US authorities charged a former Apple
The complaint said the former employee, Xiaolang Zhang, disclosed intentions to work for a Chinese self-driving car startup and booked a last-minute flight to China after downloading the plan for a circuit board for the self-driving car. Authorities arrested Zhang on 7 July at the San Jose airport after he passed through a security checkpoint.
"We’re working with authorities on this matter and will do everything possible to make sure this individual and any other individuals involved are held accountable for their actions," Apple said in a statement.
Tamara Crepet, a lawyer provisionally appointed to represent Zhang, did not immediately respond to a request for comment. The FBI also did not immediately respond to a request for comment.
The criminal complaint said Zhang was hired to develop software and hardware for Apple's autonomous vehicle project, where he designed and tested circuit boards to analyse sensor data.
In April, Zhang took paternity leave following the birth of a child and travelled with his family to China, according to the complaint filed in the US District Court for the Northern District of California.
When Zhang returned, he told his supervisor he planned to resign, move back to China and work for Xiaopeng Motors, an intelligent electric vehicle company headquartered there with offices in Silicon Valley, the complaint said.
Zhang's supervisor called Apple security officials, who discovered that Zhang had run extensive searches of secret databases and had come on to Apple's campus on 28 April, when he was supposed to be on paternity leave, the complaint alleged.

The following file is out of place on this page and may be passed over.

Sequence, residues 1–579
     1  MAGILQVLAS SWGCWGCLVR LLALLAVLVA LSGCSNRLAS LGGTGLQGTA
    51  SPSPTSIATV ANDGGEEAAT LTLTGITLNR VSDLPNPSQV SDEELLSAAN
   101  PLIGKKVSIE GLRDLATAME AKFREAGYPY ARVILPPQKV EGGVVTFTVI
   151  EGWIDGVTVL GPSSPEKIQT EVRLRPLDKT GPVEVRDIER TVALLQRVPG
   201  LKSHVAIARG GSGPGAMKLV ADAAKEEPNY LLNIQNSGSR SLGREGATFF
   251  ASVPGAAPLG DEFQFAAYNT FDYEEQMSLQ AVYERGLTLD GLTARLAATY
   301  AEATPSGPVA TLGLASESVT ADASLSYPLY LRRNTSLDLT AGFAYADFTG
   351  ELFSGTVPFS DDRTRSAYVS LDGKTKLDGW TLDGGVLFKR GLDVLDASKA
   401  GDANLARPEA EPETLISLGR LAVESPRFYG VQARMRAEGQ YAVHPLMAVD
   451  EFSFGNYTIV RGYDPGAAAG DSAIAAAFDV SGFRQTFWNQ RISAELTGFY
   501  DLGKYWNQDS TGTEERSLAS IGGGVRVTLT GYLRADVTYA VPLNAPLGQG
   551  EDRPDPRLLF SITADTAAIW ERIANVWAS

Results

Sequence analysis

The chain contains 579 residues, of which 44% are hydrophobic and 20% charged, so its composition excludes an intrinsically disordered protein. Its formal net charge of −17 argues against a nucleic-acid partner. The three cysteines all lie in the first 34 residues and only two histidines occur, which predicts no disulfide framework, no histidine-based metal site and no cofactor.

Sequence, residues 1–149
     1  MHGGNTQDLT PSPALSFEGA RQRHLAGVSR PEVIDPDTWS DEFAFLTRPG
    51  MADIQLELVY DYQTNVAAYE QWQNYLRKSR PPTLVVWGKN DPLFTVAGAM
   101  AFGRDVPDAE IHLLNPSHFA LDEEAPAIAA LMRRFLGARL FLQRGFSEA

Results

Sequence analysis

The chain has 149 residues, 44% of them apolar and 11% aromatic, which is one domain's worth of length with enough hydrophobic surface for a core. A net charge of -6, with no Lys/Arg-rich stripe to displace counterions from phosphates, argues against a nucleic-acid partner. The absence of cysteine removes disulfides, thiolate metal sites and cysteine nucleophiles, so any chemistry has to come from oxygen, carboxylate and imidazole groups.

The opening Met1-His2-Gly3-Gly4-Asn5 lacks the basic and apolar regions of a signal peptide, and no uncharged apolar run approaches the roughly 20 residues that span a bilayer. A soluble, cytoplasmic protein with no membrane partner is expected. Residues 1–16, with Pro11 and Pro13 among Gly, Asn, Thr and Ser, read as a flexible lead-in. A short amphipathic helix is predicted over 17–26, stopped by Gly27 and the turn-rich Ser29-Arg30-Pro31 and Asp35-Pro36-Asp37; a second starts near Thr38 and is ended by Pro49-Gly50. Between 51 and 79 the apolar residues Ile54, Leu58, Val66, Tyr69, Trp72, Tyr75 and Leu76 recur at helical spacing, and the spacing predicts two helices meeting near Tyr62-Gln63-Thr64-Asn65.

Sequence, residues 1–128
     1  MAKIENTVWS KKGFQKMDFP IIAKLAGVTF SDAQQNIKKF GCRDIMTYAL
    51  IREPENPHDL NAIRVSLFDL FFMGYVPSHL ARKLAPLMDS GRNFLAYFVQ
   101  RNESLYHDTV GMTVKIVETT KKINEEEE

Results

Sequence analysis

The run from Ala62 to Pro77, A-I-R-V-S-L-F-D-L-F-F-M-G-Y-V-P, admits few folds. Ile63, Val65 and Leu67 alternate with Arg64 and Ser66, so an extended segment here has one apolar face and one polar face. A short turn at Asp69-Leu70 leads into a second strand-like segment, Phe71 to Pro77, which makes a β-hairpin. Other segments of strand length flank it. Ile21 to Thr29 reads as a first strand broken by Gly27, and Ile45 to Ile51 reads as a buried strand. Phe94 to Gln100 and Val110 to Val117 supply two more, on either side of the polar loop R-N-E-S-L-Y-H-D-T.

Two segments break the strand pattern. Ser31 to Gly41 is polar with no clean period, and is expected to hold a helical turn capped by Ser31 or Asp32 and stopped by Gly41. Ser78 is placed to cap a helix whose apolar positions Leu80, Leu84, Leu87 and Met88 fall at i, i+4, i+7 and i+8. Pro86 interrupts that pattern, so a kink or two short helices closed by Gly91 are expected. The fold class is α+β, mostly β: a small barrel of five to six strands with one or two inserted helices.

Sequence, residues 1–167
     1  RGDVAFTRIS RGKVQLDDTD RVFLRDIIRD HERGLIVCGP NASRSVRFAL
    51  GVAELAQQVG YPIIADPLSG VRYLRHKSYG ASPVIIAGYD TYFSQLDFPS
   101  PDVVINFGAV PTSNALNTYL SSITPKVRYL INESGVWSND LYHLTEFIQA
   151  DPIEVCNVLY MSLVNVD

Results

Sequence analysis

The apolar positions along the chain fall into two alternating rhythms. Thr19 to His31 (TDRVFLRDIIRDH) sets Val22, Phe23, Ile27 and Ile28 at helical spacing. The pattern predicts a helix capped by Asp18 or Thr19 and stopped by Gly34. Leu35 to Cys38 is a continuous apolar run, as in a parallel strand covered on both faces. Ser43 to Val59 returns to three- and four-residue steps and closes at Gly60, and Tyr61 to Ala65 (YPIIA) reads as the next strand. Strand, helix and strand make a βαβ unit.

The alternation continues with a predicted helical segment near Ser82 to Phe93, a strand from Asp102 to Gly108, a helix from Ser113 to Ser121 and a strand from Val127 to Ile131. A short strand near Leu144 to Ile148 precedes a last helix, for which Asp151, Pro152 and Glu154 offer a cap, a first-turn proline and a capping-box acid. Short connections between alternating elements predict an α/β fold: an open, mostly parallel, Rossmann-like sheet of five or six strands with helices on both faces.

While on campus, the complaint alleges, Zhang took circuit boards and a computer server from a self-driving car hardware lab, and his Apple co-workers showed him a "proprietary chip."
The complaint did not state whether the chip was intended for self-driving cars. About 5000 of Apple's 135,000 employees were allowed access to information about its self-driving car project, but only 2700 of them had access to the secret databases that Zhang had access to, according to the complaint.
Zhang told Apple officials he had taken the hardware from the lab because he wanted to transfer to a new position within Apple and thought it would be useful to him, the complaint said.
Zhang also allegedly downloaded data to a personally owned computer, including a 25-page secret blueprint of a circuit board for a self-driving car, which investigators described as "the single file" that "serves as the basis for the instant criminal charge."
FBI agents questioned Zhang and served a search warrant at his house on 27 June, according to the complaint. Agents learned he had purchased a "last-minute" round-trip airline ticket for China on 7 July and arrested Zhang at the airport, according to the complaint.
Fierce competition in autonomous vehicles has spilled into the courts, with industry leaders Alphabet
(Reporting by Stephen Nellis in San Francisco, additional reporting by Jan Wolfe in Washington; editing by David Gregorio and Tom Brown)